Medications such as magic mushrooms and LSD can act as powerful and long-lasting antidepressants. But they also tend to cause mind-altering side effects that limit their use. Yet there is hope on the horizon.
Scientists report in the journal Nature that they have created drugs based on LSD that seem to relieve anxiety and depression in mice without triggering the usual hallucinations.
LSD but different
“We found that our compounds had essentially the same antidepressant activity as psychedelic drugs,” said Dr. Bryan Roth, an author of the study and a professor of pharmacology at the UNC Chapel Hill School of Medicine. “Without the psychedelic side effects.”
The discovery could eventually lead to drugs for depression and anxiety that work better, faster, have fewer side effects and last longer. There is a lot of research on psychedelics and their effects, but research into hallucination-free, similar products is still scarce. In a previous attempt, a variant of ibogaine was made without the hallucinatory effect. The product is made from the root bark of a plant native to Central Africa. Better known as the iboga tree.
The new drug comes from a large team of scientists. They had built a virtual library of 75 million molecules that contain an unusual structure found in a number of drugs, including the psychedelics psilocybin and LSD, a migraine drug (ergotamine) and cancer drugs, including vincristine.
The team decided to focus on molecules that affect the brain's serotonin system, which is involved in regulating a person's mood. but they weren't looking for an antidepressant. However, as their work progressed, the team realized that other researchers showed that the psychedelic drug psilocybin could relieve depression in humans. In addition, the drug's effects could last for a long time.
Psilocybin as base
“There were really interesting reports of people getting great results with this after just a few doses,” said Brian Shoichet, an author of the study and a professor in the department of pharmaceutical chemistry at the University of California, San Francisco. So the team began to refine their search to find molecules in their library that might work in the same way.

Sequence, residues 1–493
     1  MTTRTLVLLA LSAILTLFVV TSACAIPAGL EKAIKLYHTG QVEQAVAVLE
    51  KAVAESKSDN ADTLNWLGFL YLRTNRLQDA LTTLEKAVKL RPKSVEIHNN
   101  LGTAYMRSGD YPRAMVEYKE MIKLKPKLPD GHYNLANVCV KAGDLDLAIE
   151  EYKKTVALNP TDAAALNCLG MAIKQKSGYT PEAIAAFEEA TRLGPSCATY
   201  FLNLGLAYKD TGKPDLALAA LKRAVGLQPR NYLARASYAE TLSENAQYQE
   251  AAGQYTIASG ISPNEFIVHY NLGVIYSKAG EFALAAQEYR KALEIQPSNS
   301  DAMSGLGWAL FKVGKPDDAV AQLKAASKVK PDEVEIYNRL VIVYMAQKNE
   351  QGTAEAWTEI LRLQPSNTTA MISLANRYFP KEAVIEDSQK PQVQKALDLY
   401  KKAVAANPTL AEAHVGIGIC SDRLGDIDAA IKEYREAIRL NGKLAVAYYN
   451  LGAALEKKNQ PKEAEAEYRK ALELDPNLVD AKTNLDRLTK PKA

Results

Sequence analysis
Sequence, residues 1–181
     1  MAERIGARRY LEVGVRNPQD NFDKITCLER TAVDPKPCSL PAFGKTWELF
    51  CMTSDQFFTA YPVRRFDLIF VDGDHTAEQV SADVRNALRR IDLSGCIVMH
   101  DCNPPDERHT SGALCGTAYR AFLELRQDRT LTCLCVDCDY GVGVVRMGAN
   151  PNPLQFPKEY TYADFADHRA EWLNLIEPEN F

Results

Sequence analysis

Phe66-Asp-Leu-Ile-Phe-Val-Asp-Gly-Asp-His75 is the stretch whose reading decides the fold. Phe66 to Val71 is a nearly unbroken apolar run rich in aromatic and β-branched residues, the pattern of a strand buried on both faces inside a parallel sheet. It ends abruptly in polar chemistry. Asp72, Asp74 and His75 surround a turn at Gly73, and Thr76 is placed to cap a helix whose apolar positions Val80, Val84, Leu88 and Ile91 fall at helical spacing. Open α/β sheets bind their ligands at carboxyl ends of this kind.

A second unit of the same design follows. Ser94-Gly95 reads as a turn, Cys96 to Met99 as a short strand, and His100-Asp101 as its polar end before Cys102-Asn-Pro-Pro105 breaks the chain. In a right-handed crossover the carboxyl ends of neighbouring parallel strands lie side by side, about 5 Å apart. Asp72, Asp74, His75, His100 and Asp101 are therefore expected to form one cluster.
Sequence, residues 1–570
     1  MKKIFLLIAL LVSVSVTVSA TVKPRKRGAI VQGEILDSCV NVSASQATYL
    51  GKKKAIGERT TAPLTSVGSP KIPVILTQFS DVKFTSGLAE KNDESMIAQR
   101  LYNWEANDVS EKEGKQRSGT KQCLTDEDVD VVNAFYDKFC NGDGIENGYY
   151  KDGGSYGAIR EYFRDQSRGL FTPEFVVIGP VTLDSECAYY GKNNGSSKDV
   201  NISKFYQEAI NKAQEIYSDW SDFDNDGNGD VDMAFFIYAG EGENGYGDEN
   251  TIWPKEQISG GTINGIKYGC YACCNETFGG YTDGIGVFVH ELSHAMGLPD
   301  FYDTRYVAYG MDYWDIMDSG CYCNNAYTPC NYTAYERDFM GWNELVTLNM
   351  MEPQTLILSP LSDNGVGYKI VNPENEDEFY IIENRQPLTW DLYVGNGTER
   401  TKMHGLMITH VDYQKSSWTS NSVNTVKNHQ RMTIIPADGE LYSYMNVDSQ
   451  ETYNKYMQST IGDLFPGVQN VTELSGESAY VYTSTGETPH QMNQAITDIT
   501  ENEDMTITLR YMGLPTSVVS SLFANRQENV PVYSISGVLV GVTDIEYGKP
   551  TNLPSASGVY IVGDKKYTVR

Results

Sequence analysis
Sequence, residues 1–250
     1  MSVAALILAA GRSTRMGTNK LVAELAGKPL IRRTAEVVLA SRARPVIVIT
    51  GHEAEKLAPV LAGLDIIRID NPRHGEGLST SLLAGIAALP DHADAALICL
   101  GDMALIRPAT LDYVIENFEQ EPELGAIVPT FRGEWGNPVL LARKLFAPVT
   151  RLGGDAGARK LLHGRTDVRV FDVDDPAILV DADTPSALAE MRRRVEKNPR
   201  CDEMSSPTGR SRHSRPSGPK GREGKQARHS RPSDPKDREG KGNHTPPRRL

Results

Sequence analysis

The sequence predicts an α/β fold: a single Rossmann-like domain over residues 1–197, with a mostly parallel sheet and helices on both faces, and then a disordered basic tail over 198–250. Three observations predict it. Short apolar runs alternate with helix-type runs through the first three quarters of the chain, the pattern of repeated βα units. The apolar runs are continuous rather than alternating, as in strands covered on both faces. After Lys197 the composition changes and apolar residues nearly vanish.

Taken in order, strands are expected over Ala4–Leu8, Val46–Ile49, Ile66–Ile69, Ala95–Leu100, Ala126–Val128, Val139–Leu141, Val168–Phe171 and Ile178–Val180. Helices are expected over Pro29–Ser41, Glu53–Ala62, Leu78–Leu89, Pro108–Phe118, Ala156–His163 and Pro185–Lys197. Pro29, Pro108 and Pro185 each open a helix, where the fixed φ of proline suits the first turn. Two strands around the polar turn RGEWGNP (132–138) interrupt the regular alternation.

Two molecules were found to be extremely active in alleviating symptoms of depression in mice. Scientists have shown that a depressed mouse tends to give up quickly when placed in an awkward situation, such as dangling by its tail. But the same mouse will continue to struggle if given an antidepressant such as Prozac, ketamine or psilocybin. Mice also continued to struggle when they were given the experimental molecules.
But they showed no signs of a psychedelic experience, which usually causes a mouse to pull its nose in a distinctive way. “We were surprised to see that,” Roth says. The team says it needs to refine these new molecules before they can be tried in humans. One reason is that they seem to mimic LSD's ability to increase heart rate and raise blood pressure.
Too much guidance
In addition to these side effects, psychedelic treatment now requires medical supervision and a therapist to guide a patient through the hallucinatory experience. Without these effects, many more patients could be treated.
Another advantage of the new approach is that the antidepressant effects start within hours of taking the drug and can last for a year or more. Drugs such as Prozac and Zoloft often take weeks to work and must be taken every day.
Source: npr.org (EN)